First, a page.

Review Elgato Wave: 1 USB Cardiod Microphone

hey everybody it’s lan seidman we’re taking a look at some more elgato stuff we got in the wave one microphone the other day this is their lowest cost microphone and it looks pretty cool and we’re going to be taking a closer look at this comparing it to the wave 3 which costs a little bit more and of course doing some audio checks a little bit later in the video but before we get to this i do want to let you know in the interest of full disclosure that elgato sent this to the channel free of charge to review however all the opinions you’re about to hear are my own no one is paying for this review nor has anyone reviewed or approved what you’re about to see before it was uploaded so let’s get into it now and see what this microphone is all about now the price point on the wave one here is about 125 dollars the wave 3 microphone looks very similar to this wave 1 mic and it only has a few differences that we’ll take a look at right now so on the wave 1 you do have a control dial here but this will only control headphone volume or the input gain and nothing else and you can’t actually change the function of the dial unless you go into software and do it on the wave 3 that dial has a little more functionality in that it can control the headphone volume the input gain or the mix for its onboard monitoring jack all on the unit itself without having to drop back into the software to make those changes that might be a little more efficient if you’re constantly adjusting

things in the middle of your presentation or podcast or whatever else you’re doing additionally the wave 3 mic the more expensive one can sample at a higher sample rate of kilohertz versus 48 kilohertz on this one so if you are an audiophile or producing you know some of what they call the high definition audio if you will 96 kilohertz might make a difference for people that are listening for that i think for most people especially people watching a stream or a youtube video it’ll probably be harder to discern the difference in sample rate between those two things this debate between 96 and 48 kilohertz has been raging forever i’m not going to get into it because for me it all sounds good but if you are looking for the 96 kilohertz sampling this mic isn’t going to do it for you the wave 3 though will the other difference is that the wave 3 has a capacitive mute button and you can mute this mic by pushing in its control dial which i actually prefer because you’re less likely to accidentally trip it you have to actually push the dial in here to activate mute but if you wanted a quicker way to mute your mic the wave 3 will offer that beyond that though these microphones are pretty much identical they have the same cardioid mic built in now one of the things that i love about cardioid microphones is that they have a very directional pickup pattern which means that if you’re in an environment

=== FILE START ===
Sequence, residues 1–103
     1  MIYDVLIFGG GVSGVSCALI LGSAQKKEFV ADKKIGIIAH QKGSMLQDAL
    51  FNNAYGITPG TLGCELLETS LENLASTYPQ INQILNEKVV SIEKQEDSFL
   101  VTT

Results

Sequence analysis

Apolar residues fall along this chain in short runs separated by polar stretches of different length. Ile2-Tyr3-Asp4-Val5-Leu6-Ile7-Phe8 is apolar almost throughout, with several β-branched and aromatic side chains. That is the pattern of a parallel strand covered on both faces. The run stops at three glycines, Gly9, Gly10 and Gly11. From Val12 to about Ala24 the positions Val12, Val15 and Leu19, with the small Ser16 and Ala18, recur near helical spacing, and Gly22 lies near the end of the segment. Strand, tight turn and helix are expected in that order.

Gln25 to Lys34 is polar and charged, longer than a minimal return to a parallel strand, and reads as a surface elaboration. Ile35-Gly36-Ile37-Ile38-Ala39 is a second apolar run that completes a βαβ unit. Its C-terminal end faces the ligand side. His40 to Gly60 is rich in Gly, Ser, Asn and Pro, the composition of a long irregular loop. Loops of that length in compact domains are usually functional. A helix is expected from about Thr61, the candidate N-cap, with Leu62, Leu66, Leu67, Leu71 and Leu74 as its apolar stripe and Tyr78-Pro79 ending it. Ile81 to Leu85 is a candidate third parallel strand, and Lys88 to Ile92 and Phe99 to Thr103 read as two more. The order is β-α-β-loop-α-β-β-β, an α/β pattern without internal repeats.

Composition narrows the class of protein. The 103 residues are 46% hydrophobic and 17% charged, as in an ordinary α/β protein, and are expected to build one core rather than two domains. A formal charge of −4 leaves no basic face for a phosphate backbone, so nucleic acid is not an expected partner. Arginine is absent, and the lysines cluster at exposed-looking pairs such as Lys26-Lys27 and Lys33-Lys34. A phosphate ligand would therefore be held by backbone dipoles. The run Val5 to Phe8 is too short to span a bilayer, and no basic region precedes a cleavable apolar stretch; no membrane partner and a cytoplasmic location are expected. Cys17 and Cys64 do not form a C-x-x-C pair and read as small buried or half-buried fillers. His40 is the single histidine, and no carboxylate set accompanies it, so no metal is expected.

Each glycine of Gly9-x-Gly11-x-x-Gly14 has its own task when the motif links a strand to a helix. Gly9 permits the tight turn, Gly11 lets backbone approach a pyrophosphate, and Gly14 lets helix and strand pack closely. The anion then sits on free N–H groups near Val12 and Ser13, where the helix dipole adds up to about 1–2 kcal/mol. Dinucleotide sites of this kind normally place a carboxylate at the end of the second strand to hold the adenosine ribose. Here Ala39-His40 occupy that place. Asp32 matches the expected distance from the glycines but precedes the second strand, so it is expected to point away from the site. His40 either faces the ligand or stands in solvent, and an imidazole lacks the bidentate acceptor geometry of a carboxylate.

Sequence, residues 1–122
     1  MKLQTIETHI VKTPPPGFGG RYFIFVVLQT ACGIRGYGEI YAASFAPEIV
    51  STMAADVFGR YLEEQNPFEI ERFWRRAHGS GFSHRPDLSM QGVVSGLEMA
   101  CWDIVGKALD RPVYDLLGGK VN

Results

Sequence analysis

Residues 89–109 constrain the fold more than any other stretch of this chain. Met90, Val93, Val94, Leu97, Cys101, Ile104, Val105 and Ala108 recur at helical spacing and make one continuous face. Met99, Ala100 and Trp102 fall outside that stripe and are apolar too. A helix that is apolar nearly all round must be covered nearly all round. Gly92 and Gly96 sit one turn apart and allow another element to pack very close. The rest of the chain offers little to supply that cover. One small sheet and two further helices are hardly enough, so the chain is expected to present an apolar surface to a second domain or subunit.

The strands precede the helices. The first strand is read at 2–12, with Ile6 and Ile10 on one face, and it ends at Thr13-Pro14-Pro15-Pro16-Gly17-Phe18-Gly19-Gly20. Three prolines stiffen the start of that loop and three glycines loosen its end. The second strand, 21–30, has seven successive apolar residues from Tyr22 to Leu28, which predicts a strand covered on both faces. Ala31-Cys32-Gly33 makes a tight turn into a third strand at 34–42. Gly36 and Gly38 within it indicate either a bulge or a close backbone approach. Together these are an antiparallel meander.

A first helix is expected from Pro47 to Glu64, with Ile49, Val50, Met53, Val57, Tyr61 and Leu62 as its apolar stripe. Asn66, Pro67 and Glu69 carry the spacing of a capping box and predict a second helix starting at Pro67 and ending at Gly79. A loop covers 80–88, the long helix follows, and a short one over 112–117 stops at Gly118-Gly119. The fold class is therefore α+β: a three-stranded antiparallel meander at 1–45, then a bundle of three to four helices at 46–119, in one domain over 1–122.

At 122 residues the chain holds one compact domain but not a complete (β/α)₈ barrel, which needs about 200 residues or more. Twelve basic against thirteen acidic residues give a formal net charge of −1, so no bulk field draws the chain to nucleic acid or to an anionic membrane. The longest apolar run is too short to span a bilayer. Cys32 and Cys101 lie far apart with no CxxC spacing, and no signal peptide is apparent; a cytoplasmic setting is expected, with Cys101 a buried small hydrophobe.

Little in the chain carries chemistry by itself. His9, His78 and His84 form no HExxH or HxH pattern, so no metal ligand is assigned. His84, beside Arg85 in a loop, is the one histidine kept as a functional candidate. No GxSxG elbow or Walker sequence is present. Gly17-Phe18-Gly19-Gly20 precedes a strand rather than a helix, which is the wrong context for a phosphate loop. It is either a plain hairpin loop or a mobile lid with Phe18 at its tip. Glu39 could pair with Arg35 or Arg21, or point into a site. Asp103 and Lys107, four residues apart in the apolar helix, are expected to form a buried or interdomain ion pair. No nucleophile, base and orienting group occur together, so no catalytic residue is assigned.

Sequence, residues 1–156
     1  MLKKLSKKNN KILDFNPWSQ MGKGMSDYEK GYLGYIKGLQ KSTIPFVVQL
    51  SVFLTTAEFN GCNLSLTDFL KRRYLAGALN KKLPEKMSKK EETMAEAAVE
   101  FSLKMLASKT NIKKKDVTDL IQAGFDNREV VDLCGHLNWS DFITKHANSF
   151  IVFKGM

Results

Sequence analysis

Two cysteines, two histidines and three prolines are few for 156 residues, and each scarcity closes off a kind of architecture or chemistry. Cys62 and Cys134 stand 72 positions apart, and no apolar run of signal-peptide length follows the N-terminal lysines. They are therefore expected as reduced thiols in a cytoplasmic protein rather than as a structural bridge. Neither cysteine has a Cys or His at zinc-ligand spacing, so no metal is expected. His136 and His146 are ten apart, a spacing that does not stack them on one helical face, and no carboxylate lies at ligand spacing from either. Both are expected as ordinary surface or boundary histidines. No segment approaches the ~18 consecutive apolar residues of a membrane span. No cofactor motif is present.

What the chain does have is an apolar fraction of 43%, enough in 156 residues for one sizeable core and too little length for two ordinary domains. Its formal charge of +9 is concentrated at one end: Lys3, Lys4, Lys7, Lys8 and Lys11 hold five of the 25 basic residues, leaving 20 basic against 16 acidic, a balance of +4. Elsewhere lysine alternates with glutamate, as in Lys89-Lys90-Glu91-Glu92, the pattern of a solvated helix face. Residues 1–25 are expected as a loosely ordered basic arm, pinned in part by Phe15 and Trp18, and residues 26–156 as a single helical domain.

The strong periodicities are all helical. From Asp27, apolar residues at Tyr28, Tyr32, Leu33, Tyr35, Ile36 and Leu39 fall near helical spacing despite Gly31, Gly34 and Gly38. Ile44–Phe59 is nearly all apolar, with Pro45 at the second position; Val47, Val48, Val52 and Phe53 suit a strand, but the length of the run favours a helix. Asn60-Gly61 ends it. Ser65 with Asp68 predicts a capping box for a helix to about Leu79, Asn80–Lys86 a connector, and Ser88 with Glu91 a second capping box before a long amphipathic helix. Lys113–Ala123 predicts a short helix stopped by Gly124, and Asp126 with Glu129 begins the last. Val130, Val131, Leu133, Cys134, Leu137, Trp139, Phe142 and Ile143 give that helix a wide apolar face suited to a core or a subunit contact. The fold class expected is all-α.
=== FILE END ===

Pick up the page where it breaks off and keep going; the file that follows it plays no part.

that’s a little noisy like a convention or something if you and your subject are both talking into these mics relatively close it’s going to really filter out a lot of the background noise to the point where your voice and your subject’s voice will be very nicely isolated against that background noise it sounds really nice and professional but you do have to have the mic close to get that to work the best and i’ll show you some distance examples of how this mic sounds at different distances away from my mouth but i do prefer cardioid mics for spoken word over something with a more omni-directional pickup pattern and again this mic and the wave 3 have the same microphone on board and because the wave 1 and the wave 3 have the same microphone they have the same frequency response these mics will pick up anywhere from 70 hertz to 20 kilohertz now the hardware here is really nicely designed it looks a lot like a classic late night talk show host microphone it’s just got a really cool look to it the base here comes with it so this is what you’ll get out of the box the base is nice and heavy it’s got a nice big rubber foot at the bottom to keep it from sliding around and you can also take the microphone off the base and put it on a mounting arm which we’re going to do in a few minutes but you want to make sure that you don’t lose this little part that comes in the box because you need this to get it on a mounting arm so just make sure you find a safe place to this if you plan to move the mic back and forth between its stand and an arm the mic itself has just one control on the front the control dial that we mentioned earlier and i’ll show you how that works in a little bit you do have some range of movement here on the stand you can also tighten things up